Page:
Tuesday, September 02, 2003

Liberals' new care rates for seniors fair
By Paul Willcocks
VICTORIA - The Liberals' implementation might be a little harsh, but there's nothing wrong with their plan to increase the cost for seniors in residential care.
Not everyone sees it that way. Some seniors organizations have reacted angrily to fee increases that will hit more than 7,000 people in long-term care, dinging them for an average increase of $2,360 a year.
About 1,000 people at the top end of the income scale will see their costs jump by 30 per cent. The accommodation, board and care that have been costing $1,520 a month will suddenly jump to almost $2,000.
That is too big a jump, even given the five-month notice the government has provided. It would have been fairer to cap the increases at 10 per cent, and phase them in. Few of us could cope with a 30-per-cent increase in our living costs, at a time when our income is fixed. (Though fees haven't increased since 1997.)
But the basic principle behind the increase is sound, and the new rates don't seem unfair.
About 25,000 people live in government-supported residential care facilities, which provide more support than an assisted-care facility and less than a hospital. They pay a fee based on their income, and get 24-hour nursing care, room, board and recreational programs.
About three-quarters of them won't face any increase. People with gross income under $18,000 pay $825 now, and most have very little left over for any other expenses. They won't pay more until 2004, when the government plans to start levying annual hikes based on the consumer price index.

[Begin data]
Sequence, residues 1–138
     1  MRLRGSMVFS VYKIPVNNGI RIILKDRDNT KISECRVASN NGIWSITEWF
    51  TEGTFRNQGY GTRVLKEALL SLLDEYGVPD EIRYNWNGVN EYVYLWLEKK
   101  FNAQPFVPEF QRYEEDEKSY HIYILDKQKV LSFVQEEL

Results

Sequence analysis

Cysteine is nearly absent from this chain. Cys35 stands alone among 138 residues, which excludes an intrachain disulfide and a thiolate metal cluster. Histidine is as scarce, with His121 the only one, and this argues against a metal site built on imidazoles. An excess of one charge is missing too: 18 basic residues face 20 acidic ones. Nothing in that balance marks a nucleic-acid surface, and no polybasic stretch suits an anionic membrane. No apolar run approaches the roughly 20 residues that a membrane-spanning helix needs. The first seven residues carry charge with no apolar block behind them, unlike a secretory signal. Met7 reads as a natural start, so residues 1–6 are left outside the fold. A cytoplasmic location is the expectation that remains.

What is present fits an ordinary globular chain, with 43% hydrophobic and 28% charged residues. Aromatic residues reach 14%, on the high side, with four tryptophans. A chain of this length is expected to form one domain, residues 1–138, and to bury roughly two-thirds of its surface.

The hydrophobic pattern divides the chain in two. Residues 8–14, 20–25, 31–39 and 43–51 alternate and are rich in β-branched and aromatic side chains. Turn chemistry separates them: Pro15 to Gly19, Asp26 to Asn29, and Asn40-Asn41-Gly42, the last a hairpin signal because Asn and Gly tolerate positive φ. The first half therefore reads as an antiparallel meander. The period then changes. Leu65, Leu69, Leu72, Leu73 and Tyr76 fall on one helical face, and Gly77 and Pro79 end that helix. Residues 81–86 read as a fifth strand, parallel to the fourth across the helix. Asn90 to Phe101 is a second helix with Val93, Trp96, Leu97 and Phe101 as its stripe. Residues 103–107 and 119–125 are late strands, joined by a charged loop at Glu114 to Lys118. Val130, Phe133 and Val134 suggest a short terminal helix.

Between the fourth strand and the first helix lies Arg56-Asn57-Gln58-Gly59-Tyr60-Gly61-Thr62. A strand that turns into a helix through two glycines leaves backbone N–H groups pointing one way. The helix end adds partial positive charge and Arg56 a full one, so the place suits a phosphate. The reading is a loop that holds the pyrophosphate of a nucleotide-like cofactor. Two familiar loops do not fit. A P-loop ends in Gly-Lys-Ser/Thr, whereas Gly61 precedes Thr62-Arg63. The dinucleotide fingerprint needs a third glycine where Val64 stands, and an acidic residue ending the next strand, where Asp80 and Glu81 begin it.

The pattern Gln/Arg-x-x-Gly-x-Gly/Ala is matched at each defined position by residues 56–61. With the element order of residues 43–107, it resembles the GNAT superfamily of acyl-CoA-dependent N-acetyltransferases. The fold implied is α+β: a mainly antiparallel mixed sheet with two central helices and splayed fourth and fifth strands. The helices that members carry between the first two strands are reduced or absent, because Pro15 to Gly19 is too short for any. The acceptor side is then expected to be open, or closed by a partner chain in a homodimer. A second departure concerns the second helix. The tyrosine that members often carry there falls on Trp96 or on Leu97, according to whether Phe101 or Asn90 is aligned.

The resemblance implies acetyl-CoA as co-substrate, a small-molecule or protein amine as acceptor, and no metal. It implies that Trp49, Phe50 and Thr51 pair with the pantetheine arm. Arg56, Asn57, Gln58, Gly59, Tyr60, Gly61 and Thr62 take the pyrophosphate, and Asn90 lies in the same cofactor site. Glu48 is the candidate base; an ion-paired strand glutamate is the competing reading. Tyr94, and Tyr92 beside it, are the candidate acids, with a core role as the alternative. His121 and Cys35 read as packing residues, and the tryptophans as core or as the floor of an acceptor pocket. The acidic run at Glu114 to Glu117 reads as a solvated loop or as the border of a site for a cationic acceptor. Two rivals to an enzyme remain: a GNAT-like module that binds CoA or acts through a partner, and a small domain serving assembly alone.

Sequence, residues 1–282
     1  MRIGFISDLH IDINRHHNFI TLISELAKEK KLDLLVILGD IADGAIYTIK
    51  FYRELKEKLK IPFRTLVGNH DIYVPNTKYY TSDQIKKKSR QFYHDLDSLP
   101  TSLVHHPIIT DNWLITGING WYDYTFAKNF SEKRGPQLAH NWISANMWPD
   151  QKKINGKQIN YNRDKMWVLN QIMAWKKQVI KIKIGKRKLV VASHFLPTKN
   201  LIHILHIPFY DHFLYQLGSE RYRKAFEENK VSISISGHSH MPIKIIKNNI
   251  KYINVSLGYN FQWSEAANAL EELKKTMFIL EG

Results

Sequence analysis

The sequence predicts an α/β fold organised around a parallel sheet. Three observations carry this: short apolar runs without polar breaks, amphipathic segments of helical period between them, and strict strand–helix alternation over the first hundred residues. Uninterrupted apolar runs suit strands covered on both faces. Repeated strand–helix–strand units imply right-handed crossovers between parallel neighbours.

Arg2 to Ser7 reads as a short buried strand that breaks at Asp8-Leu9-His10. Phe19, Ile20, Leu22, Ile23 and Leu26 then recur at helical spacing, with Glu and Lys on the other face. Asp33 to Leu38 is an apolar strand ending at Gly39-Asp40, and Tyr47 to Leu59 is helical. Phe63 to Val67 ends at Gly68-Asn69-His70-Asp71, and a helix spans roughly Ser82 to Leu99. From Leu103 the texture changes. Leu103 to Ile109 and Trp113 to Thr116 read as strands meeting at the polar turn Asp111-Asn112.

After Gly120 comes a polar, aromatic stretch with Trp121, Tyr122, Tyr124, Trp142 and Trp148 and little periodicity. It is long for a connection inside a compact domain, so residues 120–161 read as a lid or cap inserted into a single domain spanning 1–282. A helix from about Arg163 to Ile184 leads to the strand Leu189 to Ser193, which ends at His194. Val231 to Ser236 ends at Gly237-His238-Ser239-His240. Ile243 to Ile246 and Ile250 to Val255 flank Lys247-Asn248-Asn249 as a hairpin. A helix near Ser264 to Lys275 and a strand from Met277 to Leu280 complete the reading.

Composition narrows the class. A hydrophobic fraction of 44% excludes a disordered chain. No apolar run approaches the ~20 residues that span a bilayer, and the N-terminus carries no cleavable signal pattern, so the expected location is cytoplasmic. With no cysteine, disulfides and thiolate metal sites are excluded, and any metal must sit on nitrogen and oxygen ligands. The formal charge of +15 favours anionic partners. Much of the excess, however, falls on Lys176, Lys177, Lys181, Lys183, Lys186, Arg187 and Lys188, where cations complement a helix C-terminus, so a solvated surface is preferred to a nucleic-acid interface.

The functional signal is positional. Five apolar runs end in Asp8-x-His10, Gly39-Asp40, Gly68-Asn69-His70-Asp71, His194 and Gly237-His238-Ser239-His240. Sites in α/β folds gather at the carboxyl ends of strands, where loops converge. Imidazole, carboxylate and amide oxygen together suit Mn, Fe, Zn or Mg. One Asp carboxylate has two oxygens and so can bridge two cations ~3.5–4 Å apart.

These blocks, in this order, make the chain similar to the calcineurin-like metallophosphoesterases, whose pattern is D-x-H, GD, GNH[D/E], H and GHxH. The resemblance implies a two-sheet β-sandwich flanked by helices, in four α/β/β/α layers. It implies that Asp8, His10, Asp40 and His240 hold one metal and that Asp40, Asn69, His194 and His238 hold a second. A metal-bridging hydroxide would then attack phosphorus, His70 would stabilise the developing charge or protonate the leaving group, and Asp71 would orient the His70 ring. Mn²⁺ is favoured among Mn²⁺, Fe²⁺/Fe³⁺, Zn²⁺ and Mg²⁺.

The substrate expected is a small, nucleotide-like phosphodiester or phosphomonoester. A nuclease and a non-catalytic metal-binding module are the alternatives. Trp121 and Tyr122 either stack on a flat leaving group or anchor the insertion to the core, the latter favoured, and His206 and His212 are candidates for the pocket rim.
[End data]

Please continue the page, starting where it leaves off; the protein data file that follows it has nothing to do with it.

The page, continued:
Everyone else faces increases.
Residents pay on a sliding scale. The higher your gross income, the higher your monthly bill.
For all residents, the rates represent a pretty good deal. People pay between $825 and $1,975 a month. But the government estimates the cost of providing residential care at $4,500 a month. Taxpayers - some facing their own tough times - are already subsidizing the cost. (That $4,500 cost isn't inflated. Ask any family that despaired of long waiting lists and had to go out and find a private facility for an aged relative.)
The taxpayer subsidy is money well-spent. Affordable residential care doesn't just mean a better quality of life. Helping people live with lower levels of support is far more cost-effective than the alternative, which too often ends up being much more costly acute care.
Is the government charging too much? Someone with $12,000 a year in income pays $825 a month for food, shelter and care. That's more than 80 per cent of their income, but it still leaves about $175 a month for other expenses.
At $25,000, a resident would pay $1,080 a month, about half their income, leaving about $1.000 or other monthly expenses.
And at $65,000, a resident would pay a little over one-third of his income - about $1,975 - and have $3,430 for other expenses.
It's easier to make the case that some residents should be paying more than it is to be critical of the government's direction.
Seniors' irritation is understandable. The Liberals have pushed their cost of living up sharply, reducing Pharmacare benefits and hiking MSP premiums. For those in residential carte, this is another aggressive hit, one that should have been phased in.
And the government should have announced that the $17 million from the increases would be used to used to open new residential care beds. The money is enough to cover the operating cost for about 400; the announcement would have shown that the increases aren't just a cash grab. (To be credible the announcement would have to specify places and communities, instead of offering vague platitudes.)
But those are questions of implementation.
The principle, that people who receive benefits should pay for them, at a fair price that is within their means, is reasonable. The new rates don't appear to place an excessive demand on residents. They are fair.

No comments: